letters

Published: 06/05/2004, Volume II4, No. 5904 Page 20 21

It was good to have agreement on the importance of regional centres of excellence in medical research and development from Derek Smith and Dr Charles Gutteridge (Feedback, pages 2425, 22 April), but this cannot be attained without fairer distribution of funding.

My vision of a 'larger golden polygon' does include the three vertices of the golden triangle, but they would become gradually less dominant relative to newer centres of excellence.

As for private sector support, companies such as GlaxoSmithKline should see the potential of better value for their investment outside the triangle, as well as working with, rather than against, government aims to reduce regional economic divergence.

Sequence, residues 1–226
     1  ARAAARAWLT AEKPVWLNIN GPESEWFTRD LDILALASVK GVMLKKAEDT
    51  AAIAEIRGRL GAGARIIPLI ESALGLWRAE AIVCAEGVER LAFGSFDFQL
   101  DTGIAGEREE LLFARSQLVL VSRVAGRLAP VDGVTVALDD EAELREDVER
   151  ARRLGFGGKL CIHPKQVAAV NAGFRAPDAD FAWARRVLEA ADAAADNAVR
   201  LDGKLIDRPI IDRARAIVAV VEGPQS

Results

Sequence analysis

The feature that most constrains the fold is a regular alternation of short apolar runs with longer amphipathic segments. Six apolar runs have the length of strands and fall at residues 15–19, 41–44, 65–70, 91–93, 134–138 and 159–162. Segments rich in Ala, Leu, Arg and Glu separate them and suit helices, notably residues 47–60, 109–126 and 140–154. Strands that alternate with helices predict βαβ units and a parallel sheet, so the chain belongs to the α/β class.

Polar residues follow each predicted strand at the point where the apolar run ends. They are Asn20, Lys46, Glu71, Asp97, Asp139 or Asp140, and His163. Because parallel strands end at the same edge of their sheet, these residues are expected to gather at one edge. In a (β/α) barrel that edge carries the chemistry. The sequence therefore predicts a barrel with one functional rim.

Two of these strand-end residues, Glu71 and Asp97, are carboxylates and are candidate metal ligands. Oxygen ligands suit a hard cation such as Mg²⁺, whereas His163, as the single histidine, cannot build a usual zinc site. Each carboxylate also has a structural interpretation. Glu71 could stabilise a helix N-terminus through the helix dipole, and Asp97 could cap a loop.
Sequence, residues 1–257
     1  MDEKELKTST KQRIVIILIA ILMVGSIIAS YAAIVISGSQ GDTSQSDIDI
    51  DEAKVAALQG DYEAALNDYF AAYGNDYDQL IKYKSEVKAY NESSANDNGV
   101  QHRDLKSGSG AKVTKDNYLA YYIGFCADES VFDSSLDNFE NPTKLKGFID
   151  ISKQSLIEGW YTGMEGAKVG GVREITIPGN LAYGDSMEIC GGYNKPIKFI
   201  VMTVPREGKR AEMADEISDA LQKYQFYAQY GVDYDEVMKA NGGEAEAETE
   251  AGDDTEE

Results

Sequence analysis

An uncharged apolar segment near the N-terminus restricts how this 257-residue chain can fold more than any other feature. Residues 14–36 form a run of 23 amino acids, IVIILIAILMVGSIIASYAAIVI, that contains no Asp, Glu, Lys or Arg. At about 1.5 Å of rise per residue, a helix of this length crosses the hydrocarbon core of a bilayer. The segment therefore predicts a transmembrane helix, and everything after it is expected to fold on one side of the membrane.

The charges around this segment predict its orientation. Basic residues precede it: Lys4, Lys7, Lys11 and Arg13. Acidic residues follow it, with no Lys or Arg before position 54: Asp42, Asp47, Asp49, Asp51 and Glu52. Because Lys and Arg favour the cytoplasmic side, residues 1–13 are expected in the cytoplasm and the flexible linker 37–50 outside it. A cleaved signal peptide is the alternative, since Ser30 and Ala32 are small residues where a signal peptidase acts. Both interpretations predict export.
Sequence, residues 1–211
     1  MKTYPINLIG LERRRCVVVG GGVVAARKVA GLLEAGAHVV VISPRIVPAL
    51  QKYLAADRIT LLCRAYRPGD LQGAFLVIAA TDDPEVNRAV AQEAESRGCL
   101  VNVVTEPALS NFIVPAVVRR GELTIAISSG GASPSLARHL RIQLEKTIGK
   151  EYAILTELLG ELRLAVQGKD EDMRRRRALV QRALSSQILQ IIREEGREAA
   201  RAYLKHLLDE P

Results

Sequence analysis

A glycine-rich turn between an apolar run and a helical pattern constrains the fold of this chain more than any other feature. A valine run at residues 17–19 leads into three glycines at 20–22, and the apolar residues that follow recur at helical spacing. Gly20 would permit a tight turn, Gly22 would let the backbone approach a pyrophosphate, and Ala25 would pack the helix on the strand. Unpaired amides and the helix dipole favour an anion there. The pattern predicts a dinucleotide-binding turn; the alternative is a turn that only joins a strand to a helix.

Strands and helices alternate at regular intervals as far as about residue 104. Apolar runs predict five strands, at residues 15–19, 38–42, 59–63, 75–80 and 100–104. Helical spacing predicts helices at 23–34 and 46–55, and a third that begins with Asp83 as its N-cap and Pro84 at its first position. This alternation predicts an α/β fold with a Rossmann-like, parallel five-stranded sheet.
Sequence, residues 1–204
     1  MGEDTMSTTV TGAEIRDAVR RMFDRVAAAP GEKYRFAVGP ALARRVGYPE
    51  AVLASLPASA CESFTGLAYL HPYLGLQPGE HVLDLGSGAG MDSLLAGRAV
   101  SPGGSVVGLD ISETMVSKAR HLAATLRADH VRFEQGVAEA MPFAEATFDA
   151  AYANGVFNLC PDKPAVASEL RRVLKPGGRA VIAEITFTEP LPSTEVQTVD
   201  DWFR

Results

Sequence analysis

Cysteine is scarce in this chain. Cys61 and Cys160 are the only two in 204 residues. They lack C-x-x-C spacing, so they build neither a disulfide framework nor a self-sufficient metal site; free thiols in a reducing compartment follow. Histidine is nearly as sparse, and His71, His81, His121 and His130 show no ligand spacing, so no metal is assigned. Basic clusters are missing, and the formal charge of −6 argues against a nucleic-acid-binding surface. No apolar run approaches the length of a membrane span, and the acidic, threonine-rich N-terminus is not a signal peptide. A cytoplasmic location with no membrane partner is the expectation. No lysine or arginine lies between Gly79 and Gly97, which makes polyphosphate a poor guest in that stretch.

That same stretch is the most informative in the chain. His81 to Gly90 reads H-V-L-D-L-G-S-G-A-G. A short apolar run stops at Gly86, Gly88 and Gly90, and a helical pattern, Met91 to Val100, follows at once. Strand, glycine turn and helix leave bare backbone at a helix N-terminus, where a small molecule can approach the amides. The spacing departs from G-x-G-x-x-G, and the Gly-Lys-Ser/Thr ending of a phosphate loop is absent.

I agree that non-clinical R&D will not directly improve local health outcomes, but it can do so indirectly through the economy and raising the status of a trust.

Ed Macalister-Smith, in his letter, describes only the NHS R&D fund of about£450m whereas the article covers five funders totalling about£1.5bn.

It is true, as I pointed out, that the NHS fund is biased towards London and everyone else loses out because of this. I would endorse 'urgent geographical redistribution' (however, Oxford and Cambridge do receive more, for example, than most large cities in the North and Midlands).

But for the other four funding sources, Oxford and Cambridge do share with London amounts other cities can only dream about.

John Hacking Senior research officer Manchester Joint Health Unit